The Kevin J. Barry Writing Award for Excellence honors an outstanding scholarly article on military legal topics published in a calendar year.
The award is named for an outstanding scholar and peerless advocate of reform: Kevin J. Barry, a founder and longtime director of NIMJ. Captain Barry retired from the Coast Guard after 25 years of service that included duty as an operations officer, navigator, trial and defense counsel, staff judge advocate, and trial and appellate judge.
As a lawyer, scholar, citizen, and gentleman, Kevin Barry is a model for those who work to improve military justice.
The award carries a $250 prize and certificate.
Articles published in an academic journal, law review, or similar forum during 2021 are eligible for that year’s award (including articles dated in an earlier year but which actually appear later; some law journals take so long to release their issues that an article dated 2017 might actually appear in 2018).
This award is intended to recognize substantial scholarship and will be evaluated for “excellence in military legal studies,” with the winner selected by a committee of law professors and practitioners, keeping in mind NIMJ’s mission to improve public understanding of military justice.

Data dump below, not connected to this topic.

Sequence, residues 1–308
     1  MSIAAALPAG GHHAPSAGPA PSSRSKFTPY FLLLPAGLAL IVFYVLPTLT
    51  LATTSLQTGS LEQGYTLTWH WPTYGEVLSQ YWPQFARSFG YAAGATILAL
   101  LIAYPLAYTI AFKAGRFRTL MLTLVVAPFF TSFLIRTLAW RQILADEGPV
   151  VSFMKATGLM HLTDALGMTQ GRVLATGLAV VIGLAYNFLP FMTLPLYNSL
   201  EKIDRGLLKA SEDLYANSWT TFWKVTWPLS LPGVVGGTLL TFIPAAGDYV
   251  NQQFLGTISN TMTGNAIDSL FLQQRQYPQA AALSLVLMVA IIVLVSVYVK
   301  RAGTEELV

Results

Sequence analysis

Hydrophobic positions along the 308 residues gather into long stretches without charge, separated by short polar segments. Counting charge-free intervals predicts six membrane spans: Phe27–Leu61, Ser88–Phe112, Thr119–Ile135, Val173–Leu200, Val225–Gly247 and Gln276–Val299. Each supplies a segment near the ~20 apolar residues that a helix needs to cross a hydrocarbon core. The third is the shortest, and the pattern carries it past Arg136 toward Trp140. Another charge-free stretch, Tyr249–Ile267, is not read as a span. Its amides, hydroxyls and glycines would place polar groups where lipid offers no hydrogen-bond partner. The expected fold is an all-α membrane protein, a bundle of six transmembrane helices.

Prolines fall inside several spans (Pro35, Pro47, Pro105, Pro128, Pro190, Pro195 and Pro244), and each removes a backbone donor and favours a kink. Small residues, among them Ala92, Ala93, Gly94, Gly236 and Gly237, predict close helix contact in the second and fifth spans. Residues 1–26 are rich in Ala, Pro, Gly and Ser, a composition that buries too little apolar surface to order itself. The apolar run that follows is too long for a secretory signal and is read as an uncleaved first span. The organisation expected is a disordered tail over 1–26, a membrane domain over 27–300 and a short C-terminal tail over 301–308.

If no article is deemed appropriate for the award, the committee may elect not to make an award for that year. If more than one article is deemed worthy of recognition, the committee may honor such articles with honorable mention.
Copies of the winning and honorable articles will be published on NIMJ’s website if permitted by the author. Interested scholars should submit their articles to the NIMJ email (email@example.com) with details of its publication, the author’s name, email, and phone number no later than midnight on 31 December 2021.
Jeff Schogol, The Marine Corps may have blown its case against special operators accused of killing a former Green Beret. Task & Purpose, December 14, 2021. Basically, the Deputy for the Judge Advocate Division is alleged to have committed UCI.
One of the Marine Corps’ top lawyers is being accused of interfering in the case of a Navy corpsman and two Marine Raiders who have been charged with the death of an American contractor after a 2019 altercation in Iraq.